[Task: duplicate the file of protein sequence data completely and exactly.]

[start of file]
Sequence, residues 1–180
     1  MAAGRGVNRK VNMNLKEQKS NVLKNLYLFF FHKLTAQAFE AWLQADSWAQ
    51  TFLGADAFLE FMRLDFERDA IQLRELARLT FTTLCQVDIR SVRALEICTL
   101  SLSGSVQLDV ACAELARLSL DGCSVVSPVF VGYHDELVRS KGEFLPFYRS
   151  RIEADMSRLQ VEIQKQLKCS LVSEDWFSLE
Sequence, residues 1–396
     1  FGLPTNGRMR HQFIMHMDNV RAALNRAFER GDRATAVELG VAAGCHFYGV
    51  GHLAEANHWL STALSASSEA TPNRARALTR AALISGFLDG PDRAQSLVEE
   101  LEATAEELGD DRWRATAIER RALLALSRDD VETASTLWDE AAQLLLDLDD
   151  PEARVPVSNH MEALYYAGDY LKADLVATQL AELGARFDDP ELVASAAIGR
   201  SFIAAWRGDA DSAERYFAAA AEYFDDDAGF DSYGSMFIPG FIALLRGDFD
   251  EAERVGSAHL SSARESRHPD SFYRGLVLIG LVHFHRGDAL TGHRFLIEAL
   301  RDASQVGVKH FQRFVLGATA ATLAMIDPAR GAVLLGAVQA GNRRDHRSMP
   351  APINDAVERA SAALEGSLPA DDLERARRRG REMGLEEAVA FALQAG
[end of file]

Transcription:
Sequence, residues 1–180
     1  MAAGRGVNRK VNMNLKEQKS NVLKNLYLFF FHKLTAQAFE AWLQADSWAQ
    51  TFLGADAFLE FMRLDFERDA IQLRELARLT FTTLCQVDIR SVRALEICTL
   101  SLSGSVQLDV ACAELARLSL DGCSVVSPVF VGYHDELVRS KGEFLPFYRS
   151  RIEADMSRLQ VEIQKQLKCS LVSEDWFSLE
Sequence, residues 1–396
     1  FGLPTNGRMR HQFIMHMDNV RAALNRAFER GDRATAVELG VAAGCHFYGV
    51  GHLAEANHWL STALSASSEA TPNRARALTR AALISGFLDG PDRAQSLVEE
   101  LEATAEELGD DRWRATAIER RALLALSRDD VETASTLWDE AAQLLLDLDD
   151  PEARVPVSNH MEALYYAGDY LKADLVATQL AELGARFDDP ELVASAAIGR
   201  SFIAAWRGDA DSAERYFAAA AEYFDDDAGF DSYGSMFIPG FIALLRGDFD
   251  EAERVGSAHL SSARESRHPD SFYRGLVLIG LVHFHRGDAL TGHRFLIEAL
   301  RDASQVGVKH FQRFVLGATA ATLAMIDPAR GAVLLGAVQA GNRRDHRSMP
   351  APINDAVERA SAALEGSLPA DDLERARRRG REMGLEEAVA FALQAG